First off, I love the industrial design and the titanium nitride golden appearance. The cable is one of the new delightfully beefy cables mentioned above. You can see the copper rope in the background of the image below. The capsule of the Acoustune HS1695Ti has a crosshatched roughly-hewn look that I expect actually takes a bit of work to create. It looks like something made by a designer jeweler or watchmaker, not an IEM manufacturer. Good show, Acoustune.
But how does it sound? The first thing I did was switch tips. The stock tips didn’t work too well with my ears, but my Spiral Dot M-L worked perfect. On Ka$cade there is good note weight across the whole frequency spectrum. The mids are speedy. Unfortunately, the treble sounds a bit thin. When moving on to Natalie Merchant – Carnival (24/96), Natalie’s vocals sound a bit back in the stage and I’m still getting thin sounding cymbals.
I want some energy, so I throw on Rage Against the Machine – Take The Power Back (16/44). I get some good impact on bass guitar and kick drum. The mids, though, they need more energy. They sound too relaxed and easy going on this track. Where is my energy? In search of a different energy, I switch to Norah Jones – Feeling the Same Way and it has the same problem as Rage Against the Machine. I’m just not getting enough mids energy from these to give a rec. They are beautiful, but sound decidedly average.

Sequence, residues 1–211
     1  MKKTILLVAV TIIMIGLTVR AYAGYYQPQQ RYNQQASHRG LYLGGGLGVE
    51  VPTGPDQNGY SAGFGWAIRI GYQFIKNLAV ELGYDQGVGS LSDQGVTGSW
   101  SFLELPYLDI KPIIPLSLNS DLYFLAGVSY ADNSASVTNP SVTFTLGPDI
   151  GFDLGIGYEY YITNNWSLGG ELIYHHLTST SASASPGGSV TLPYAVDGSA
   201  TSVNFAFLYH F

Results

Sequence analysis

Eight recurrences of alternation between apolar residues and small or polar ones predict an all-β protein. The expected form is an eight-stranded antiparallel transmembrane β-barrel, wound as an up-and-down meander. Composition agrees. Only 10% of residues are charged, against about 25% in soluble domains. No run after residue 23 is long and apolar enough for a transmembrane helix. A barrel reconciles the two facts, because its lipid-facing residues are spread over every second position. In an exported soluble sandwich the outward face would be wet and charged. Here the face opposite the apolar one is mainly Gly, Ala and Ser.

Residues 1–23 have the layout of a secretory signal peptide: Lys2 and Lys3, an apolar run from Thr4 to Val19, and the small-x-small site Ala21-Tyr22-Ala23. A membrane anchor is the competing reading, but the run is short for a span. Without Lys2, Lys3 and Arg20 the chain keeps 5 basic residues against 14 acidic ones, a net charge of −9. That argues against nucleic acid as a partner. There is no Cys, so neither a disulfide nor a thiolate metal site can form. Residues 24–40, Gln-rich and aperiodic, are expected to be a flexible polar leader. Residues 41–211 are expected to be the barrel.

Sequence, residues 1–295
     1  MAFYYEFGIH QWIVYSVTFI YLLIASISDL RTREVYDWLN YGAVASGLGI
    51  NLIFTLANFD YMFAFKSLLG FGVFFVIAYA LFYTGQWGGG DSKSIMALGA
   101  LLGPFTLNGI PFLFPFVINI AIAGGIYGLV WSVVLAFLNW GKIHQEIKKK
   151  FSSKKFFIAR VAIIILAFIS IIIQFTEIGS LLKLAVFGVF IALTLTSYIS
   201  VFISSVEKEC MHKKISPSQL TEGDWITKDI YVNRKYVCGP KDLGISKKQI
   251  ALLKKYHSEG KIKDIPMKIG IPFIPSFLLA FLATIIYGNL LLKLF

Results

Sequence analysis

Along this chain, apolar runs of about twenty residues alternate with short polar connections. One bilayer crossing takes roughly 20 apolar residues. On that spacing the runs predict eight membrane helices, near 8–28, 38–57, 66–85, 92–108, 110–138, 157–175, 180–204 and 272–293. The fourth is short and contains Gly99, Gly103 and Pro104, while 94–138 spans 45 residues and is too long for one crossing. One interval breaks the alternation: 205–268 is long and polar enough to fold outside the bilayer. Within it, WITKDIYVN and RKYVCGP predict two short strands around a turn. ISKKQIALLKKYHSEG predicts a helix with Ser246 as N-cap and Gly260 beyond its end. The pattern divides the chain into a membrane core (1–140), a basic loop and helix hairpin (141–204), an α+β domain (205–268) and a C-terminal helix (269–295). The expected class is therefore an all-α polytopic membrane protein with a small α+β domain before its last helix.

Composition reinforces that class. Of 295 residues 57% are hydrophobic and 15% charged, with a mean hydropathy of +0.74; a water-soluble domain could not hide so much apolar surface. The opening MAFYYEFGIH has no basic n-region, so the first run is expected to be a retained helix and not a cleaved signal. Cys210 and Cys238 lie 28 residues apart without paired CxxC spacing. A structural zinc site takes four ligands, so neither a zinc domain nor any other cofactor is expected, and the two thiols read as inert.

These are relaxed also, but in a rich and satisfying way. On Feeling the Same Way Norah’s vocal is smooth and silky and dripping with emotional power. The bass is lingering, with a decay that is a touch slow, giving a romantic feeling to the sound.
On Yosi Horikawa – Wandering the deep bass rumbles beautifully with just a little bit of of slope downward at the very bottom end of the sub-bass giving a big but rounded bass presentation. I get a nice open sound to the treble without it ever venturing into territory even remotely adjacent to anything that could be considered sharp. The sound is organic, but without any of the excess warmth sometimes associated with this description. These strike a nice balance, indeed. I want more time with them.